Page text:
Overview of ONC’s Standards Version Advancement Process
Steven Posnack (ONC)
The 21st Century Cures Act offers flexibility for technology developers to adopt new standards that meet evolving needs. ONC is currently establishing processes through which particular federally adopted standards can evolve in a more streamlined manner based on evidence gathered during real world testing.
ONC Has Flexibility to Approve New Standards on a Voluntary Basis Without Lengthy Rulemaking
As technology evolves, standards named in regulation can quickly become obsolete. The “Real World Testing” provision of the 21st Century Cures Act authorizes ONC to establish a process wherein certified health IT developers can adopt more advanced versions of standards voluntarily. More details regarding the Standards Version Advancement Process are available at https://www.healthit.gov/isa/standards-version-advancement-processexternal icon.
Only specific standards and implementation specifications (and their versions) will be considered for advancement through this process. USCDI is one example. Other examples include syndromic surveillance, reporting to immunization registries, electronic lab reporting, cancer reporting, reporting of healthcare associated infections, and healthcare surveys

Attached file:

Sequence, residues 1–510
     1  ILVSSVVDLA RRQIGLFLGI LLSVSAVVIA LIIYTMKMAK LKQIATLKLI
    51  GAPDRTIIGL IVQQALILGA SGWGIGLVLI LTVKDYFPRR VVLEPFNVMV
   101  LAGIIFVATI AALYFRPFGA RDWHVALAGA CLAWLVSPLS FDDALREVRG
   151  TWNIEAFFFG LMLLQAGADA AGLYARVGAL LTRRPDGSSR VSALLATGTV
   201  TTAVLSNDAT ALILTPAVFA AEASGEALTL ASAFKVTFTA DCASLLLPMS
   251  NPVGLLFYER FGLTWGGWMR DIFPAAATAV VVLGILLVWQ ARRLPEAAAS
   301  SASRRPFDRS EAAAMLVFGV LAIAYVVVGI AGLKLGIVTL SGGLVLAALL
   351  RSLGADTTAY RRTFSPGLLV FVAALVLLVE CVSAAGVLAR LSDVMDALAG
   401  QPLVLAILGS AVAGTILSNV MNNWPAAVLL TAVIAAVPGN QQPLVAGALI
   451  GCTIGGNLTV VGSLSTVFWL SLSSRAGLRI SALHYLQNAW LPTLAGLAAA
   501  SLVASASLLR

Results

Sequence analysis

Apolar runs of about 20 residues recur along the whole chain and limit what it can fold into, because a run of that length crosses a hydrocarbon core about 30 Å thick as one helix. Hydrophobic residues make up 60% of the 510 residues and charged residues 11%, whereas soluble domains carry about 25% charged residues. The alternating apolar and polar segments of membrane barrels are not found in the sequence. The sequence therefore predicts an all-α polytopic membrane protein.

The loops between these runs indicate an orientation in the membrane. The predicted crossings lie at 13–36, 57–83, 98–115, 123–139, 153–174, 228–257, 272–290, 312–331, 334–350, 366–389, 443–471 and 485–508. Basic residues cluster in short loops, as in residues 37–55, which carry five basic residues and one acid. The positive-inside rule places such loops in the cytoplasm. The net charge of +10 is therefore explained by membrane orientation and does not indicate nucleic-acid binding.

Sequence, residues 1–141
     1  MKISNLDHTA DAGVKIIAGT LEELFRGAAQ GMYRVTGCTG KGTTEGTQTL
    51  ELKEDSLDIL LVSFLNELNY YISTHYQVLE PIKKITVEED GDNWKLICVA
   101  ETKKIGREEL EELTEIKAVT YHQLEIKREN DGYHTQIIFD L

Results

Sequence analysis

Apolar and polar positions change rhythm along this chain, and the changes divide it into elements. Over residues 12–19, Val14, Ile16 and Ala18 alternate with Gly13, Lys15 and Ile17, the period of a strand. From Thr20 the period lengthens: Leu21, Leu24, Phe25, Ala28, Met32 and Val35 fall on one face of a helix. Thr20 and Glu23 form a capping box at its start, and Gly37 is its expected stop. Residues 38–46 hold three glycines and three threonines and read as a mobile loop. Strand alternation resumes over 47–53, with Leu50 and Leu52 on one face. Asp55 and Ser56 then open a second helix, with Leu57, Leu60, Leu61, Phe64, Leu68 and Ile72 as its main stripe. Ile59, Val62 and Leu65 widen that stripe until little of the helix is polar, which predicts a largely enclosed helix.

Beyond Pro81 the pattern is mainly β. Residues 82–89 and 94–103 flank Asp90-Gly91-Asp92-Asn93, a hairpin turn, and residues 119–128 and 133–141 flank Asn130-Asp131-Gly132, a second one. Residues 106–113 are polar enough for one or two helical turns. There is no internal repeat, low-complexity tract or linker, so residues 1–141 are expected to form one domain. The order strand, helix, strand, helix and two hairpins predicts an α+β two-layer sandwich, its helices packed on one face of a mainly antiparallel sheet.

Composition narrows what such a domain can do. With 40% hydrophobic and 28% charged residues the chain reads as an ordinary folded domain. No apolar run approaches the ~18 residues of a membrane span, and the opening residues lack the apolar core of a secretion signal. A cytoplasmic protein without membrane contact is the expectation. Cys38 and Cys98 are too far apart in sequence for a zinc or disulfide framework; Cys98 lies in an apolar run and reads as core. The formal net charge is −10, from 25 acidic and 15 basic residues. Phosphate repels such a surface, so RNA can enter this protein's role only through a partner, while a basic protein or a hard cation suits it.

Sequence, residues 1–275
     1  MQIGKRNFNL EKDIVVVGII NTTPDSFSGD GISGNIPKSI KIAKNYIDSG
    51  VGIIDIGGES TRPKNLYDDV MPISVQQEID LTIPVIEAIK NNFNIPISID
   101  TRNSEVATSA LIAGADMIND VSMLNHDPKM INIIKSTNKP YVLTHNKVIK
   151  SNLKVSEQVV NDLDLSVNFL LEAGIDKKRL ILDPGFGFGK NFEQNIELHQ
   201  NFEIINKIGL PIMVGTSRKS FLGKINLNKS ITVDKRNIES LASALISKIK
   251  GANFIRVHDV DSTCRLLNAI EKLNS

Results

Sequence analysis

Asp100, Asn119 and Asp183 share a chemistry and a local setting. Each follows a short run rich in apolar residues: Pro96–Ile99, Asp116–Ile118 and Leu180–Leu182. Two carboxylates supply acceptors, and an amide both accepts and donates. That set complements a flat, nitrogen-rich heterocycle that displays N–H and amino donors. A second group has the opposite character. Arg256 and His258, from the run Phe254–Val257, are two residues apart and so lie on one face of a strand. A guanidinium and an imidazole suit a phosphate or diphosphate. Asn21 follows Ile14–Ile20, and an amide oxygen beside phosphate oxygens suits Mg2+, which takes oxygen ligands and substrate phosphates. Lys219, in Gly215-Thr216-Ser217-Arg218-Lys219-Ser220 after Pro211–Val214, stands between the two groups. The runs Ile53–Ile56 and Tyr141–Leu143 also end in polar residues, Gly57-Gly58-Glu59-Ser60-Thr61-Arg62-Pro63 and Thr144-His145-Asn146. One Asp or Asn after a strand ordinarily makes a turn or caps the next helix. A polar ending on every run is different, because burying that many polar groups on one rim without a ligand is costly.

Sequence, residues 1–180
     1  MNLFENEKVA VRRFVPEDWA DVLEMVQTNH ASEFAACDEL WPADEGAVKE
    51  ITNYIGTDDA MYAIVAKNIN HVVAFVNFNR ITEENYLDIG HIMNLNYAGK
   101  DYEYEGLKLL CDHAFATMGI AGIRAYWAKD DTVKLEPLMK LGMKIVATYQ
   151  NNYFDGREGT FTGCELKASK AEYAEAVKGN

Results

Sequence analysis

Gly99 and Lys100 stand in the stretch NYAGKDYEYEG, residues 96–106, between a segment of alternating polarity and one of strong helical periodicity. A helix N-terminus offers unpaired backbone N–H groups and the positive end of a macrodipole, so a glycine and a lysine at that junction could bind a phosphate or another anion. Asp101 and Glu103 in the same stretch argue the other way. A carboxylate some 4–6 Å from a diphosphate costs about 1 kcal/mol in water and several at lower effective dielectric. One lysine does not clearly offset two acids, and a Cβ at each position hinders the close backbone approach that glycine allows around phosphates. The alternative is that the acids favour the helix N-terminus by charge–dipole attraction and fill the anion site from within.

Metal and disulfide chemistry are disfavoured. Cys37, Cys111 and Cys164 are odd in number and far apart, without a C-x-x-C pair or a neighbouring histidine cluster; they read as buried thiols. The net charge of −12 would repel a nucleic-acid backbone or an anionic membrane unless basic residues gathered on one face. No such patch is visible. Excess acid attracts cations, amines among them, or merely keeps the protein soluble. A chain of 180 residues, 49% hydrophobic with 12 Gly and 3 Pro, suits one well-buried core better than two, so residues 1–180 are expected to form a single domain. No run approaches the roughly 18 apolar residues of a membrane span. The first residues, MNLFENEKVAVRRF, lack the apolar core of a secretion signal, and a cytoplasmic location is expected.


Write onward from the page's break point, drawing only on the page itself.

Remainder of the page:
USCDI Will Expand Over Time and New Data Elements can be Added Based on Input from the Public
As part of the Standards Version Advancement Process, ONC has prepared a process for engaging the public that includes a data elements submission system to identify potential data elements to be promoted into the next version of USCDI. Evidence of implementation is an important factor in determining what data elements will be added to the core. Public health partners are encouraged to get involved to help shape future iterations of USCDI and other standards eligible for advancement through the ONC defined processes. This will help to ensure that federally adopted interoperability standards evolve in a way that meets the needs of public health stakeholders.